and south of east. I have named it Short Range, after the Right Reverend
the Lord Bishop of Adelaide.

Friday, 8th June, Short Range. Started at 8 o'clock on the same course,
315 degrees, to some very distant rising grounds. Short range seems to
run nearly parallel to our course, as also does another distant range to
the north, which I have named Sturt Range, after Captain Sturt. The table
land continued about two miles, and then there was a gradual descent to
the plains, and we entered a thick scrub with spinifex and gums. At
eighteen miles came upon a beautiful plain of grass, having large
gum-trees, and a new description of tree, the foliage of which is a
dark-green and rather round, and the bark rough and of a dark colour.
Here also was the cork-tree, and numerous other shrubs. This grassy plain
continued for thirty-one miles, until we camped, but the last part is not
so good. When I struck this plain, I was in great hopes of finding a
large creek of water, but have been disappointed; we have not crossed a
single water-course in thirty-one miles. Camped at sundown. No water.
Wind south-east.

Saturday, 9th June, Grassy Plain. There is some rising ground a few miles
further on, to which I shall go in search of a creek; I might be able to
see something from it. If I do not find water I shall have to retreat to
Bishop Creek, as the horses have now been two nights without water.
Started at 7 o'clock, same course, 315 degrees, through scrub and a light
sandy soil. At four miles got to the rise, which is a scrubby sand-hill.
From this I can see nothing, the scrub being so thick; it is of a nasty,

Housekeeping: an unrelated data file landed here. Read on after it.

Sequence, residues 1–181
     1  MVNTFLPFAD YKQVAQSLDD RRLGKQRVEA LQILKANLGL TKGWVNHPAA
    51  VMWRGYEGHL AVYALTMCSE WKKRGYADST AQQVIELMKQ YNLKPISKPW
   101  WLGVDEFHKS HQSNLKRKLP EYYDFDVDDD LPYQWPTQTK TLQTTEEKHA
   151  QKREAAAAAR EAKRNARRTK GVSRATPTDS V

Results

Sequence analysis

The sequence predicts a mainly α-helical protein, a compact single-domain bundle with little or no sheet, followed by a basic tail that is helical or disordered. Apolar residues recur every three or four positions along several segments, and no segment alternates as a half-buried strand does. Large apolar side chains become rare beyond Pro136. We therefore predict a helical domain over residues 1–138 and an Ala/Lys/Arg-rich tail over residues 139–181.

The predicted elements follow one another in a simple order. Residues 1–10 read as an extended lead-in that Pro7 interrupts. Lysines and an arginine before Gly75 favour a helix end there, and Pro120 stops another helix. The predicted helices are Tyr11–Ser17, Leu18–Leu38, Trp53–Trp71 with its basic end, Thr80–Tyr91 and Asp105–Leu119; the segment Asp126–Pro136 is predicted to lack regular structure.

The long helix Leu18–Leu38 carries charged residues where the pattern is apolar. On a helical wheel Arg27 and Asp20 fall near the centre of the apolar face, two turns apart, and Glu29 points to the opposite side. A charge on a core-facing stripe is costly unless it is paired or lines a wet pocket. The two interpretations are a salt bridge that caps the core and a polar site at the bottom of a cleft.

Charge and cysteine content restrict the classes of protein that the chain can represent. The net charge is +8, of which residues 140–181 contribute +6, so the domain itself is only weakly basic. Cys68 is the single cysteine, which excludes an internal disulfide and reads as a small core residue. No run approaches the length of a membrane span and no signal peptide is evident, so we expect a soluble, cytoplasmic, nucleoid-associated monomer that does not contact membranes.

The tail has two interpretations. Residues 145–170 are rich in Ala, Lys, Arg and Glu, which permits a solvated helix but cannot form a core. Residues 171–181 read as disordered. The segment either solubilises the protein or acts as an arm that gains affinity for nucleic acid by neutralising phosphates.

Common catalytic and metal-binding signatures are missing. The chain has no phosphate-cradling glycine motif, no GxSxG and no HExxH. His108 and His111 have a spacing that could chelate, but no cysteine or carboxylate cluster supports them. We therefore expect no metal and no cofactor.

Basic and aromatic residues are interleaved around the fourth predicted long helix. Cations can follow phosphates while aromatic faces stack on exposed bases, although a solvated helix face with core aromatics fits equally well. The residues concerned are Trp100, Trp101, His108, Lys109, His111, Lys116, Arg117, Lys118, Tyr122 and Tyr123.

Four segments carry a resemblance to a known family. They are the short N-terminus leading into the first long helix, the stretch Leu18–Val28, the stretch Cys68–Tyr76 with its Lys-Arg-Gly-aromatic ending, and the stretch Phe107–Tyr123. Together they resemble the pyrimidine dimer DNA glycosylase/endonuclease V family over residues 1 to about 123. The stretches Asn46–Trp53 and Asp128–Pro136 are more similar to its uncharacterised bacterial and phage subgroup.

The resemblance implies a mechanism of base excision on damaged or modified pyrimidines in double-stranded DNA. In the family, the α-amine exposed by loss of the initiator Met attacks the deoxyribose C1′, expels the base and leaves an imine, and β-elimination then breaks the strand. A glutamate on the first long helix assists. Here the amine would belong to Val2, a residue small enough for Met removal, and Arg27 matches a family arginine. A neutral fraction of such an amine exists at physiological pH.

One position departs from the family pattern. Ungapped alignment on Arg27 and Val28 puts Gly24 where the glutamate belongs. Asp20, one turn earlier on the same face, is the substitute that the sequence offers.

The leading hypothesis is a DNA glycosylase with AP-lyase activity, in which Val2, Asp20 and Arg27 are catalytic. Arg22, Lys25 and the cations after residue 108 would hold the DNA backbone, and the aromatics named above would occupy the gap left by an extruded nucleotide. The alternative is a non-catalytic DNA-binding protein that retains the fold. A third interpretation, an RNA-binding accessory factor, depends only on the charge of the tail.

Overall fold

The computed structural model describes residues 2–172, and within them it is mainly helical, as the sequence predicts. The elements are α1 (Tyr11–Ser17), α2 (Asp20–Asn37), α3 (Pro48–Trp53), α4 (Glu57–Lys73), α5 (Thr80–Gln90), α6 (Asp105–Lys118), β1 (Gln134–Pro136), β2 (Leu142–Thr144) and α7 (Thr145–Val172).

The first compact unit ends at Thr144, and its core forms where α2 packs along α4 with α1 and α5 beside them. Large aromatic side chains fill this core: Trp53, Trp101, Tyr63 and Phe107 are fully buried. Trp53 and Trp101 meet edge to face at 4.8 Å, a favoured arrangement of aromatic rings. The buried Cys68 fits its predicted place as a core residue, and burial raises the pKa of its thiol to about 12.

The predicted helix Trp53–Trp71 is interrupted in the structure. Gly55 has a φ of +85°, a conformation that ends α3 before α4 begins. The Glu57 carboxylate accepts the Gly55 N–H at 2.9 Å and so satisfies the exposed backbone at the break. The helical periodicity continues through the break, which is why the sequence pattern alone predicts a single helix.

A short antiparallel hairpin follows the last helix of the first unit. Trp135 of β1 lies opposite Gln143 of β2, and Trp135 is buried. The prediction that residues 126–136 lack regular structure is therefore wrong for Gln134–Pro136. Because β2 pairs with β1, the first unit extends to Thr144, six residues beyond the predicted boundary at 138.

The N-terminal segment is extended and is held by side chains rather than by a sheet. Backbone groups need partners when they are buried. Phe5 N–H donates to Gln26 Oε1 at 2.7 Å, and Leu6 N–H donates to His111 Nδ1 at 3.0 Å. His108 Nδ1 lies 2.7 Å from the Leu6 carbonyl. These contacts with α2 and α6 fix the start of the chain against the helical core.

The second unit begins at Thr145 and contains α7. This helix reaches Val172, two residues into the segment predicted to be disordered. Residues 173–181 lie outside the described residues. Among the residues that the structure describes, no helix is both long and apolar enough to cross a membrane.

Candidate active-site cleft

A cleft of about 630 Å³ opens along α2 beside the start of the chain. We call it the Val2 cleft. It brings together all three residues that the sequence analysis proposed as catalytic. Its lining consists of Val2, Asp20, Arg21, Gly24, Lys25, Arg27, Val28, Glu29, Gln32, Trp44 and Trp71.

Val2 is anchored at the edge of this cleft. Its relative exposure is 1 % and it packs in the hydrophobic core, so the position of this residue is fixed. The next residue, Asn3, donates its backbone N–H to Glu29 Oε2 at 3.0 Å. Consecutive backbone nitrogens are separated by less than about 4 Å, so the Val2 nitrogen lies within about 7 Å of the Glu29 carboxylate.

tough, wiry description, and has torn our hands and saddle-bags to
pieces. I got up a tree to look over the top of this scrub, which is
about twelve feet high, and I could see our course for a long distance;
it appears to be the same terrible scrub, with no sign of any creeks. It
is very vexing to get thus far, and have to turn back, when perhaps
another day's journey would bring me to a better country. I shall now try
a south course, and cut the grassy plains to the westward, in the hope of
finding water; if so, I shall be able to make two days' journey to the
north-west. Started on a south course for fourteen miles, through scrub
and small grassy plains alternately, but we could find neither creek nor
water. I now regret that I attempted the south course, which makes the
distance from the water so much greater. Wind still south-east; heavy
clouds coming from the north-west, I trust it will rain before morning.

Sunday, 10th June, Grassy Plains. Started at sunrise, and at two miles
again got into the scrub. Three of the horses we can scarcely get along;
they are very much done up. At 11 o'clock, one horse gave in altogether.
We cannot get him up; we have tried everything in our power to do
something for him. The other horses have been carrying his load, and he
has had nothing to carry for this last hour and a half; all our efforts
are in vain, and I am obliged, although with great reluctance, to leave
him to his fate. Had this occurred nearer the water, I should have put an
end to his existence and taken part of him to eat, for we are now very
short of provisions, and the other horses have quite enough to carry
without sharing his load; I wish I had left him sooner. At 12 o'clock, I
find I shall lose some more of them, if they do not get water to-night,
and it will be to-morrow before I can reach Bishop Creek. I shall now go
to Short range and try to find some. The little bay mare Polly has become
nearly mad, running about among the other horses, and kicking them as she
passes; even the men do not escape from her heels. At five miles made the